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Resume Lies: 5 Common Lies About Resume Writing

Ask any professional job interviewer and they’ll tell you: what the world really needs is a new breed of job hunter who ditches traditionally accepted methods of resume writing in favor of approaches that actually match today’s hiring practices.

This isn’t to say that the resume is dead. It just serves to point out that many job seekers are pursuing outdated methods in crafting their resumes that could actually be hurting their chances at finding work. To help underline some important resume writing tips, we give you the top five most persistent resume lies and myths about resume presentation.

5 Resume Lies You Shouldn't Listen To

5 Lies About Resumes

#1: A Good Resume Requires an Objective

Wrong. The objective is actually an outdated concept. The vast majority of them are seen as bland, generic, and a waste of space. If this comes as a surprise to you because you just spent a full day working out a poetic objective statement, our apologies. Your best bet is to remove it and use the space more wisely: have you considered a summary? Let your actual accomplishments make your case for why you should be hired.

#2: References Should Be Included

Contemporary resume writing tips suggest that you should leave your references off your resume and replace them with a statement that says something like “References available upon request.” This is no longer necessary. Employers assume you will provide references if you are asked. So delete references and references to references. Understand?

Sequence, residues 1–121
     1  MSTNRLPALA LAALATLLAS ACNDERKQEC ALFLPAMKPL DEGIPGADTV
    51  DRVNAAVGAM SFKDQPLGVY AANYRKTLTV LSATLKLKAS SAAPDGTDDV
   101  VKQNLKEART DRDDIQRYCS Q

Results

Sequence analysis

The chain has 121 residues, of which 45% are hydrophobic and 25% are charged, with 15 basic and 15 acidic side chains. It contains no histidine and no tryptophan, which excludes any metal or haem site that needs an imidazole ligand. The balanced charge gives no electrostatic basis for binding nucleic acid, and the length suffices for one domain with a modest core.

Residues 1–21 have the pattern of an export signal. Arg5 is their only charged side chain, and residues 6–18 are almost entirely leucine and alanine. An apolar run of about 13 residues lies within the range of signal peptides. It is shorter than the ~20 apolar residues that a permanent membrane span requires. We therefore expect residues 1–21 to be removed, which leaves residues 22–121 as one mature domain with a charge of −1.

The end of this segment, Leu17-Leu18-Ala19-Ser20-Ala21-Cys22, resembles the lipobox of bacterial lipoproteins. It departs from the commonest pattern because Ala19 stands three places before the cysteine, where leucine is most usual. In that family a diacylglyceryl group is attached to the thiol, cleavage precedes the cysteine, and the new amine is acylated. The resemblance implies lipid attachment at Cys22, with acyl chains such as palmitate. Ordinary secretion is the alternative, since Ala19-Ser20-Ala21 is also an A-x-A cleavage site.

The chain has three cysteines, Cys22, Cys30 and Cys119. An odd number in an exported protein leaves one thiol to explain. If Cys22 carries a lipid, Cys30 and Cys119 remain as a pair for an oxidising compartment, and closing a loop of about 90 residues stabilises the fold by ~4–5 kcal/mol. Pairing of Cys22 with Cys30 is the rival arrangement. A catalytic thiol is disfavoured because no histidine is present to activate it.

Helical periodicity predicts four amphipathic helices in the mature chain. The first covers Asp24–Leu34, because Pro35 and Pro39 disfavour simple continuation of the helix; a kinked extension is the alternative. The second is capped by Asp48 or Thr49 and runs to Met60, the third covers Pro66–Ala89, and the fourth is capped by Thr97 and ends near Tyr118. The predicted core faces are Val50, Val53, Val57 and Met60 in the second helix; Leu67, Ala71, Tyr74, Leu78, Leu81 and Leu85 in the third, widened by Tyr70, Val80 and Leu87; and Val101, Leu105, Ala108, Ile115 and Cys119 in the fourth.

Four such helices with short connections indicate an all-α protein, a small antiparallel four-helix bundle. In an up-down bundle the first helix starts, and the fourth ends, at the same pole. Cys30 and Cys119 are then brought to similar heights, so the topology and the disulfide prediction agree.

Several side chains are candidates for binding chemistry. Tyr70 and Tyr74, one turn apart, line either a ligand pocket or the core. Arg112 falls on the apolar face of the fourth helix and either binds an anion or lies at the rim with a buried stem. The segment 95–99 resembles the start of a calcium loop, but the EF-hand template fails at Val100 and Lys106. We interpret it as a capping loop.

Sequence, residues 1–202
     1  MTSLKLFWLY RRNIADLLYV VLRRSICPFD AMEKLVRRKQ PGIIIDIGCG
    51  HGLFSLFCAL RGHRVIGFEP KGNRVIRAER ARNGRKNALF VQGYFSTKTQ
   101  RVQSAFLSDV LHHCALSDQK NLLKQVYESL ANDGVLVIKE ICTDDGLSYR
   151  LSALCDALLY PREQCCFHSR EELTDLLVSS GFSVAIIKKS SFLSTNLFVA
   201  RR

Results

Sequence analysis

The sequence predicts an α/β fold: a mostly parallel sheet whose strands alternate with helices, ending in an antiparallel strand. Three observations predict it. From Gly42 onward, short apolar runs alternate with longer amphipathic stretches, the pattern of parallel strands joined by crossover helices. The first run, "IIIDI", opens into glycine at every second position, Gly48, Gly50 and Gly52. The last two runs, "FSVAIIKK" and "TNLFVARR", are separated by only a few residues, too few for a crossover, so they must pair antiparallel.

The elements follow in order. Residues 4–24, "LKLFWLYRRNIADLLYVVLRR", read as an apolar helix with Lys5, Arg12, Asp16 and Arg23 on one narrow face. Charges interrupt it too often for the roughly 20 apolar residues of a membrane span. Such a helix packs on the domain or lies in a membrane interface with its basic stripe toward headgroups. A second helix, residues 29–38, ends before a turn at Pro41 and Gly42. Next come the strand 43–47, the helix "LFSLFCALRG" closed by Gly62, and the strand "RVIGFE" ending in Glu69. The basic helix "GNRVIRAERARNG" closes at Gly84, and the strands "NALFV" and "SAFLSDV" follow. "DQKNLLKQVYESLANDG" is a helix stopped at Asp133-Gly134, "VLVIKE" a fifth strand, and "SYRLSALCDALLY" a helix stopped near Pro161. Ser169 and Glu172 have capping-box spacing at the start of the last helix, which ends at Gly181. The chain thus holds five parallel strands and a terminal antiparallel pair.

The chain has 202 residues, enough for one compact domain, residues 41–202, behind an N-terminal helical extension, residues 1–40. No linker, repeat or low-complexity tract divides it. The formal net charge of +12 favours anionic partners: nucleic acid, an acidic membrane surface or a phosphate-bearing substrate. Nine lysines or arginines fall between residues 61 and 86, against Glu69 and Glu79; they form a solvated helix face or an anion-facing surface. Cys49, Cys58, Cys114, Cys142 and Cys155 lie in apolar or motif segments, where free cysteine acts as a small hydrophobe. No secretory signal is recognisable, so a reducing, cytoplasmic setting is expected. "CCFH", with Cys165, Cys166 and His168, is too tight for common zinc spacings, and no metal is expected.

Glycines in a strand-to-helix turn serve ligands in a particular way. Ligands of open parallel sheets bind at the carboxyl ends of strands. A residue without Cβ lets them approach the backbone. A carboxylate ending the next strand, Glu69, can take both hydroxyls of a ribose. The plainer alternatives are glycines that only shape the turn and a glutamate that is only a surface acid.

#3: It’s Okay to Use the Same Resume for Different Jobs

If you’re a freelancer working in a niche field, you can get away with using a single resume for all job prospects, otherwise taking a one-size-fits-all approach will only help to get you looked over. You don’t have to create a new resume for every freelance job you apply for, but it’s always smart to cater that resume to fit the wants and expectations of individual employers. This will maximize your chances of landing the freelance gig. Applying for full-time work? Then you definitely need a tailored version of your resume.

#4: Limit Your Resume to a Single Page

This is one of the oldest resume tips around, and for good reason. If a hiring company is sifting through 2000 resumes, they’re going to want to breeze through to save time. Who wants to suffer through a five-page resume? The thing is, some people’s work experience is so extensive that by trying to cram it all onto a single page, they have to leave valuable information out. If you can get it to fit without sacrificing important details, the one-pager is a good idea. If not, don’t be shy about presenting a two-page resume if your level of experience dictates it.

#5: You Should Always Include Hobbies and Personal Interests

This only works to your advantage if you know for a fact that the person reading your resume will be bowled over by a shared interest. Otherwise, letting a prospective employer know that you like to race go-carts on weekends might hurt your chances at landing a job.

What's Next?

Getting a Job with a Resume

Once you’ve updated your resume to modern standards and deleted any of these resume lies, you’re ready to shop yourself around. Register with Artisan Talent to increase your visibility and get on the short list for companies seeking talented freelance workers.

  Apply For Work

*Editor's Note*
This blog was originally published in 2012, but has been spruced up in 2018 to stay current with the times.

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